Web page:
According to Jase Walter, Senior Account Manager at Stone Bridge Ventures, three Canada-based crypto companies are looking to complete a merger and build Canada’s CTP (crypto asset trading platform). But now the companies are saying that they were mistaken when telling investors that the plan for a merger had the green light from Canada’s Competition Bureau.
Companies Claim Approval From the Competition Bureau
On July 10, the three companies involved in the merger, namely Coinsquare Ltd., CoinSmart Financial Inc., and WonderFi Technologies Inc, announced their plan to combine operations. While giving statements to investors and speaking to media outlets, the companies said that they’d made a deal to form a merger. They also said that the plan had been approved by the Competition Bureau, which is responsible for regulating mergers and acquisitions.
In fact, they referenced the approval by the bureau when they rang the opening bell at the Toronto Stock Exchange. This was to mark the closing of their transaction, which had been ongoing for months.
Senior Spokesperson Says Bureau Has Yet to Review Deal
But once the news was out, John Power, the senior spokesperson for the Competition Bureau, contacted media outlets to explain that they had yet to review or approve of the deal. He went on to say that the fact that the companies suggested an assent was concerning for the Bureau.
Now, it seems like the companies are backtracking and saying that they didn’t seek approval for the merger deal to begin with. The CEO of WonderFi, Dean Skurka, said that it was just a ‘miscommunication.’ WonderFi is a Vancouver-based company that will control all the businesses involved in the merger.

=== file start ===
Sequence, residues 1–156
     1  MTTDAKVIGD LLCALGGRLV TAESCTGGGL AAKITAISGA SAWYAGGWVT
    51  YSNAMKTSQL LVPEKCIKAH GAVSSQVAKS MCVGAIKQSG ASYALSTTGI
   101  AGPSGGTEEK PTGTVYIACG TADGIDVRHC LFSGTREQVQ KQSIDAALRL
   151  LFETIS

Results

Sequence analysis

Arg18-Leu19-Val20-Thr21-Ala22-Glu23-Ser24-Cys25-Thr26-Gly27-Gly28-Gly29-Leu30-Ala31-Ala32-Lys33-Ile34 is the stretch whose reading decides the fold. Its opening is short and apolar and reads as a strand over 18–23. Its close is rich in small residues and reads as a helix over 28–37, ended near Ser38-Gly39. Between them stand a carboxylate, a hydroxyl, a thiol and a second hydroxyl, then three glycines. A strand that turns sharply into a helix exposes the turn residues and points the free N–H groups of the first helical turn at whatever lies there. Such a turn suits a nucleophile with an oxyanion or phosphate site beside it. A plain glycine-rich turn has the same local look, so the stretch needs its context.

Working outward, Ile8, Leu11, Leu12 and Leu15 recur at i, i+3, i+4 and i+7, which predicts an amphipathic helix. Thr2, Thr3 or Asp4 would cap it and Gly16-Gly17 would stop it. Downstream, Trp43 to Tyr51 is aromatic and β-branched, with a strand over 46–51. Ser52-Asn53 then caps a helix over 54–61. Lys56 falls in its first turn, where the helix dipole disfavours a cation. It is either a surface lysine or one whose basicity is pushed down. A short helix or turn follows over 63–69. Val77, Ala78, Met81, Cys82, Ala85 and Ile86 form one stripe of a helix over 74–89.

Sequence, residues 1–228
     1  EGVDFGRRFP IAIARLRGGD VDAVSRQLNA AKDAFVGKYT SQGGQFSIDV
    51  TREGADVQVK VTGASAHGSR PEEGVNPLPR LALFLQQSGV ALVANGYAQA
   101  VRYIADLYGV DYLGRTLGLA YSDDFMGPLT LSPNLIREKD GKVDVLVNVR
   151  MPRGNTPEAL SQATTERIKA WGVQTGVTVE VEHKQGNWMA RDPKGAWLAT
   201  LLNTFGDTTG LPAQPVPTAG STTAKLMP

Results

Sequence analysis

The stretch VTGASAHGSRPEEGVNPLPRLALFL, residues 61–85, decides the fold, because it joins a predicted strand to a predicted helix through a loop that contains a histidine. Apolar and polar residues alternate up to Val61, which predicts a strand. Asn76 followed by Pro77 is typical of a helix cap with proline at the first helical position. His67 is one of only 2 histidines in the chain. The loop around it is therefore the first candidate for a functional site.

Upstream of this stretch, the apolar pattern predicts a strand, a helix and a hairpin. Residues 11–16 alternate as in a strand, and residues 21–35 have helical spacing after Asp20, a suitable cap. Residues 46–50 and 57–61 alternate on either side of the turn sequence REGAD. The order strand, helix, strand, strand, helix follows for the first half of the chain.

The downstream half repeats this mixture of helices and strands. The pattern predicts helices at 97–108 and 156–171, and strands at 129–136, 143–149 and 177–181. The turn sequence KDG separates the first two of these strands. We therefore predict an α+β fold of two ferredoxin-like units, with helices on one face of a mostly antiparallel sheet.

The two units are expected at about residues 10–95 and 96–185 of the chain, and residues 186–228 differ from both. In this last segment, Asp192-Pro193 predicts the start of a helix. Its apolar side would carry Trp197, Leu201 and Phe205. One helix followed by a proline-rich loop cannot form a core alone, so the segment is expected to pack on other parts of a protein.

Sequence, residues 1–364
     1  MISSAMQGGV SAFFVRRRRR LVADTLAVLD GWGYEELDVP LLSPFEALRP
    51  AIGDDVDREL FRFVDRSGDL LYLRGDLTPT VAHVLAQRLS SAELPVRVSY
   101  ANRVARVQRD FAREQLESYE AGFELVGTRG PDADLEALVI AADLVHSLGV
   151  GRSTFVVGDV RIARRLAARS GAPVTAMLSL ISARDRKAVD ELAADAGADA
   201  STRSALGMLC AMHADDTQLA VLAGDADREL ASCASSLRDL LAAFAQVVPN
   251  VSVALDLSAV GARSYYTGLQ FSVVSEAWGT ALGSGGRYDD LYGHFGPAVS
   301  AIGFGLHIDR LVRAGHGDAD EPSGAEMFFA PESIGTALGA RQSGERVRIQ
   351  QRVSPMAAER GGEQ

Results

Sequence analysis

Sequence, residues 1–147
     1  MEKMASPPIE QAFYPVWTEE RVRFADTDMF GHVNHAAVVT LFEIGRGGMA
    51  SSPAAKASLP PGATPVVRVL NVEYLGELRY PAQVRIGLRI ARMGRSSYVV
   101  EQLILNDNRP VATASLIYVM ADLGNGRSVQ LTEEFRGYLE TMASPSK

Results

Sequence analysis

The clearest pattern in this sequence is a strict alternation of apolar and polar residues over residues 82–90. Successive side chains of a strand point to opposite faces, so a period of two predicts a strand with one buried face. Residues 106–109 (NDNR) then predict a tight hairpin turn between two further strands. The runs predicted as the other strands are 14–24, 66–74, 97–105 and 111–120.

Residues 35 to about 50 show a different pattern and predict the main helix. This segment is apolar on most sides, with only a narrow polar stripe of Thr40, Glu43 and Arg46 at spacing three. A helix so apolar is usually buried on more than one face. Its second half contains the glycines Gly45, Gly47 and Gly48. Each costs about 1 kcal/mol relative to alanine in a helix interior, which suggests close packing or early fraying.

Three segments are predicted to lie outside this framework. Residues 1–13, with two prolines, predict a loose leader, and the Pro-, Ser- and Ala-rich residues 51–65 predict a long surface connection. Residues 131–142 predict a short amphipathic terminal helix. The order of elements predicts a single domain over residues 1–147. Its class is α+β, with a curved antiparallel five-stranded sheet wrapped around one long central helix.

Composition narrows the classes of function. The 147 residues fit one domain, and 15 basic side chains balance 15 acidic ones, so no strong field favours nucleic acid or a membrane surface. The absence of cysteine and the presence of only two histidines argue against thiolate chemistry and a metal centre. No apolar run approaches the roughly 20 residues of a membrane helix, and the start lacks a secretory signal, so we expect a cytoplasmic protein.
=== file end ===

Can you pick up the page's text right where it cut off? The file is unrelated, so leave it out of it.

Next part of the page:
He also added that the confusion comes from the lack of objection by the Competition Bureau. The argument is basically this: since we didn’t get any objection that could prevent us from closing the deal, we took it as a ‘yes.’ In his words, it led to confusion in the messaging since the transaction was not of any major significance that required notifying the Bureau.
John Power Responds To WonderFi CEO
In response, John Power stated that the Bureau is unable to confirm whether this was a notifiable transaction. However, companies should generally give the Competition Bureau advance notice of a proposed transaction. This is especially if the target of the acquisition holds over $93 million worth of assets in Canada.
Similarly, they should inform the Bureau if the target of the acquisition has generated revenue worth $93 million in Canada. And if the combined Canada-based assets or revenues of the companies and their affiliates based in Canada are worth over $400 million, the bureau must be notified.
When announcing the deal, the companies said that the merger would bring together almost $600 million in combined assets. This is derived from a customer base of almost 1.65 million users, 1.6 million of which are in Canada.
While there’s no news of whether the Bureau will take action against WonderFi, Jase Walter of Stone Bridge Ventures expects the company to face obstacles. That’s because the Bureau has the right to review any M&A, regardless of size, to evaluate whether it would result in limiting competition.